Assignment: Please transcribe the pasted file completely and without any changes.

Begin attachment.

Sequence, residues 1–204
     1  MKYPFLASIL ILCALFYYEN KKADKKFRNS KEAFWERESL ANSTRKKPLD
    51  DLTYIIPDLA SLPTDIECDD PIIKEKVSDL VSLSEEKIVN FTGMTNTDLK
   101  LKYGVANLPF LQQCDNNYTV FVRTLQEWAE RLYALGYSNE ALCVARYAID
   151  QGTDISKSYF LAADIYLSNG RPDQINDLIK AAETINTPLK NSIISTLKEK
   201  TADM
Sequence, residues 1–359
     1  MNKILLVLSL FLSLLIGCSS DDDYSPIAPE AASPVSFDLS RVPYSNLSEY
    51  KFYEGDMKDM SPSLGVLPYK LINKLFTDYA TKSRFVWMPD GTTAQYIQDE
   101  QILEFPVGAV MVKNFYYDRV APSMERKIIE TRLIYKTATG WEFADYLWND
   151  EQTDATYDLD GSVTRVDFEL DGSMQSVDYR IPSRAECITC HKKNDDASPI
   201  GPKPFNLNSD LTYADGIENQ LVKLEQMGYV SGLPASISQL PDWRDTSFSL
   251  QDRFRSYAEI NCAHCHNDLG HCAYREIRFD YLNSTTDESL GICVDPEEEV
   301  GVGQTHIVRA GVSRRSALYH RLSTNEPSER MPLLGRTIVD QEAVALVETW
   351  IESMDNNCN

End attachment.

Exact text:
Sequence, residues 1–204
     1  MKYPFLASIL ILCALFYYEN KKADKKFRNS KEAFWERESL ANSTRKKPLD
    51  DLTYIIPDLA SLPTDIECDD PIIKEKVSDL VSLSEEKIVN FTGMTNTDLK
   101  LKYGVANLPF LQQCDNNYTV FVRTLQEWAE RLYALGYSNE ALCVARYAID
   151  QGTDISKSYF LAADIYLSNG RPDQINDLIK AAETINTPLK NSIISTLKEK
   201  TADM
Sequence, residues 1–359
     1  MNKILLVLSL FLSLLIGCSS DDDYSPIAPE AASPVSFDLS RVPYSNLSEY
    51  KFYEGDMKDM SPSLGVLPYK LINKLFTDYA TKSRFVWMPD GTTAQYIQDE
   101  QILEFPVGAV MVKNFYYDRV APSMERKIIE TRLIYKTATG WEFADYLWND
   151  EQTDATYDLD GSVTRVDFEL DGSMQSVDYR IPSRAECITC HKKNDDASPI
   201  GPKPFNLNSD LTYADGIENQ LVKLEQMGYV SGLPASISQL PDWRDTSFSL
   251  QDRFRSYAEI NCAHCHNDLG HCAYREIRFD YLNSTTDESL GICVDPEEEV
   301  GVGQTHIVRA GVSRRSALYH RLSTNEPSER MPLLGRTIVD QEAVALVETW
   351  IESMDNNCN